So because we had less imports, GDP looked good. From where I sit, that does not indicate a strong, growing economy, the best in 31 years. It indicates one where there’s probably a lot of skullduggery going on, and I’d better find out what it is—and fix it.
and this one:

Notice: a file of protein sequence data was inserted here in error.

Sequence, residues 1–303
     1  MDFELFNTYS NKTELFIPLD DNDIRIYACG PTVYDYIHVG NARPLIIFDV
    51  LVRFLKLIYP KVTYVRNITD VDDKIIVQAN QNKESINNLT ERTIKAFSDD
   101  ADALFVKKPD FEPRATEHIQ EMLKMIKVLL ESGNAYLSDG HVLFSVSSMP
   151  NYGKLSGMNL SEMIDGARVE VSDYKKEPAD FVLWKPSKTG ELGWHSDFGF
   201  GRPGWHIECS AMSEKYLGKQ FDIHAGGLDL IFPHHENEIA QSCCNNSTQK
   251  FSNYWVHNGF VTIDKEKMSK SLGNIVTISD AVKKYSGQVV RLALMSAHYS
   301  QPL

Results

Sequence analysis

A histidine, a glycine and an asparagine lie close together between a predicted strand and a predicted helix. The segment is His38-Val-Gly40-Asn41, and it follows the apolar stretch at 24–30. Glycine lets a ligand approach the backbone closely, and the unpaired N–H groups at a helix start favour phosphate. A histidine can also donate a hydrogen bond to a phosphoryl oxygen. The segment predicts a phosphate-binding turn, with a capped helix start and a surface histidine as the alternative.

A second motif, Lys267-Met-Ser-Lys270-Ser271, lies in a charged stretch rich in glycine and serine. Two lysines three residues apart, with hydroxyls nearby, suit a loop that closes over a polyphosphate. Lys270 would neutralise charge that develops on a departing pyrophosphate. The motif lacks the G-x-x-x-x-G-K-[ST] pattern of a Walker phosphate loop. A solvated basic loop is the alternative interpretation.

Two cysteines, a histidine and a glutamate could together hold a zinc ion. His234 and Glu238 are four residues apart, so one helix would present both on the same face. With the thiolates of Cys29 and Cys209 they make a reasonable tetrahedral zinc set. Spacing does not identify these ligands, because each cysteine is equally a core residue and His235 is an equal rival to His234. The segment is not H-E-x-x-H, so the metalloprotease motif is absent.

We should be seeing better results by now. Instead, more people are poor today, and more people don’t have jobs than was the case in 2000. Percentages fool you, percentages are irrelevant when you talk people. In 2000 there were 11.2 percent unemployed according to government statistics. In 2006 there were only 7 percent—but they changed the definition. Using the old definition (only available up to 2006) there’s been no improvement, its still 11 percent. But there were 7.7 million more people eligible for work, so the 11.2 percent in 2000 was 3.5 million people and the 11 percent in 2006 was 4.1 million people. That’s 600,000 more people and that doesn’t even include the eight million who reluctantly deserted their families and fled overseas seeking a job that wasn’t available here. But it does include lowly paid, even unpaid, agricultural workers working on the family farm. I don’t consider that satisfactory employment.